Thanks to the tracking cameras on Rift S, the headset also comes with a pass-through video feature which Oculus calls ‘Passthrough+’ (with the ‘+’ denoting its low latency, stereo-correct, wide field of view). While it’s the best pass-through video we’ve seen on any consumer headset so far, the feature will soon be enhanced to take advantage of new capabilities available in NVIDIA’s latest GPUs. Oculus’ motion smoothing tech, Asynchronous Spacewarp, will also be similarly upgraded.

While Quest also has a passthrough video function, Oculus didn’t give it the ‘Passthrough+‘ designation because of its latency and lack of stereo depth. On the Rift S however, the company was able to leverage the power of the PC to computationally solve for the depth of the scene around the user, and then reproject the view accordingly to provide stereo depth. Along with lower latency, this makes Passthrough+ on Rift S look and feel more natural.

On the Oculus Developer Blog the company today explained that Passthrough+ leverages technology the company originally built for Asynchronous Spacewarp (ASW), which keeps motion smooth inside the headset even when framerate is unstable. ASW does this by comparing the motion of previous frames to estimate how that motion should continue into the future (and from there synthesizes a new frame based on the estimation). For Passthrough+, similar tech is used to compare simultaneous frames from the Rift S cameras to understand the distance between objects in each frame, and then infer the depth of the scene (similar to how we understand depth in the real world by perceiving it with two eyes, each with a slightly different perspective).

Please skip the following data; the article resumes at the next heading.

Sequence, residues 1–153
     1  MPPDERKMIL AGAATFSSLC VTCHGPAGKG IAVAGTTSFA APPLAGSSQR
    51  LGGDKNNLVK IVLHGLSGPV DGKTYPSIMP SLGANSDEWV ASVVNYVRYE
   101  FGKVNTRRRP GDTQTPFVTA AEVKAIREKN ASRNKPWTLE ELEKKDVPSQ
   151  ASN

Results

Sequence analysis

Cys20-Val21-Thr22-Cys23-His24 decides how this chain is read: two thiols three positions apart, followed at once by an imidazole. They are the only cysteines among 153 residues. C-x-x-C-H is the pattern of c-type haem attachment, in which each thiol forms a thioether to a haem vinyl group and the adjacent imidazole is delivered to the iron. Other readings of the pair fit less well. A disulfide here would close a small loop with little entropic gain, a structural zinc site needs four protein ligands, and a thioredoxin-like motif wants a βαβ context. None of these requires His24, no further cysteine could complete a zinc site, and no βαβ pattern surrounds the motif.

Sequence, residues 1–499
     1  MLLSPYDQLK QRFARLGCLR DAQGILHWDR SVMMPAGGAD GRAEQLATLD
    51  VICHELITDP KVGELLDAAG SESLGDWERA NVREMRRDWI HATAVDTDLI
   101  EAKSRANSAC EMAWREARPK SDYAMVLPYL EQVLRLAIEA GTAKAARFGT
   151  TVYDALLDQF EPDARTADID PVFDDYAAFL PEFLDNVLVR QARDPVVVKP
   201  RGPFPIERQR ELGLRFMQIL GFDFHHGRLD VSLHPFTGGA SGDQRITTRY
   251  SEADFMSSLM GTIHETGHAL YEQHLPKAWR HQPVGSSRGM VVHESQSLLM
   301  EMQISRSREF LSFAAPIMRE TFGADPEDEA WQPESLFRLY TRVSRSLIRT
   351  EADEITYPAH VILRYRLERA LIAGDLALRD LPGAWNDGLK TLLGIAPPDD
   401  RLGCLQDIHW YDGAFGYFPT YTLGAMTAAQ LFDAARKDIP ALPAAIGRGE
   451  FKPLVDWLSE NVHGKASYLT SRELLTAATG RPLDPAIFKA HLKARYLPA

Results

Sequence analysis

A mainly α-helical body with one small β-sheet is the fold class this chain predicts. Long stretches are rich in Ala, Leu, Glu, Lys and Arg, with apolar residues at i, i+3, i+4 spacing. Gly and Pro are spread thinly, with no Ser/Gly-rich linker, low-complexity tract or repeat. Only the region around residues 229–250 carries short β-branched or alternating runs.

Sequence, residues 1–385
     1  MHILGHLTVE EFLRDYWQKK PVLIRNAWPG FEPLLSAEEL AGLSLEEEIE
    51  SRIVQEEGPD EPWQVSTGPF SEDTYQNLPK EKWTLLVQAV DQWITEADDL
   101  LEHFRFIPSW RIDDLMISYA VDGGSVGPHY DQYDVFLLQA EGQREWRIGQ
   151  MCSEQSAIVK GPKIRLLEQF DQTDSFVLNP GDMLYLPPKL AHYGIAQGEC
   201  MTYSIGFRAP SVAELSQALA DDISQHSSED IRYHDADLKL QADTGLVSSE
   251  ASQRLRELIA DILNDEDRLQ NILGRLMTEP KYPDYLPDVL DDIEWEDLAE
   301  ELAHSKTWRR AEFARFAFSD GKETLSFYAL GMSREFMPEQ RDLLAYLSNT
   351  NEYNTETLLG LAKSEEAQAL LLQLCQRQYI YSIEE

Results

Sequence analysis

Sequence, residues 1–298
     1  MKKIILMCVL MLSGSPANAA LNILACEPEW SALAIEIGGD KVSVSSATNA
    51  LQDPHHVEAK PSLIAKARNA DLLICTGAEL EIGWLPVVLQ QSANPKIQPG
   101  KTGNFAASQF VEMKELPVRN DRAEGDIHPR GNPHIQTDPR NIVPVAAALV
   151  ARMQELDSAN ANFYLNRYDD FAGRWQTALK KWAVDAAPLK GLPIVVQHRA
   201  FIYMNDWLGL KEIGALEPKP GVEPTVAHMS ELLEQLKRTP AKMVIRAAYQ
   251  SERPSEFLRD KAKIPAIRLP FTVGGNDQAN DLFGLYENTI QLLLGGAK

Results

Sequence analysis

Oculus Launches ASW 2.0 with Positional Timewarp to Reduce Latency, Improve Performance

The method is similar to the what’s used by most video encoding tech, and ASW and Passthrough+ today use the video encoder on NVIDIA and AMD GPUs to do this work ‘asynchronously’ (without impacting the work the GPU needs to do to render the VR world in the first place).

But an upgrade for Passthrough+ and ASW is on the way and will take advantage of capabilities in NVIDIA RTX (and other NVIDIA ‘Turing’ GPUs), which support new optical flow technology from NVIDIA. [Update: Oculus has confirmed the ASW upgrades will also come to original Rift]

NVIDIA optical flow quadruples the macroblock resolution, increases motion vector resolution, enables following objects through intensity changes, and emphasizes plausible optical flow over compression ratios. The result is half the average end point error than traditional video encoding motion vectors. The qualitative results are equally impressive. With ASW, near-field objects track more reliably. Swinging flashlights hallucinate motion much less frequently and the increased precision means movement is tracked more accurately to individual particles and objects.

The end result, Oculus says, is more accurate motion estimation which means fewer artifacts when ASW is in use.

This illustration shows the increase in motion estimation density and precision in the optical flow method

Similarly, Passthrough+ on Turing GPUs will make use of optical flow upgrades to improve the depth and stability of the view.

For Passthrough+ this means increased stereo resolution of the projected world, while thin objects are correctly tracked and followed. When faced with low contrast or over-exposed areas, NVIDIA optical flow can still infer meaningful disparity values, preventing visual holes or missing data as we estimate the depth of the scene.

This comparison between the old method (left) and new (right) shows how much more stable and accurate the optical flow method is for determining the depth of the scene. (the computation depth reconstruction is inset in each view, enlarge and toggle HD for better visibility) | Courtesy Oculus

Oculus says that the enhancements will launch in June, and be compatible with Turing GPUs running the latest drivers.

Beyond that, the company sounds bullish on what other doors NVIDIA’s optical flow tech may have opened.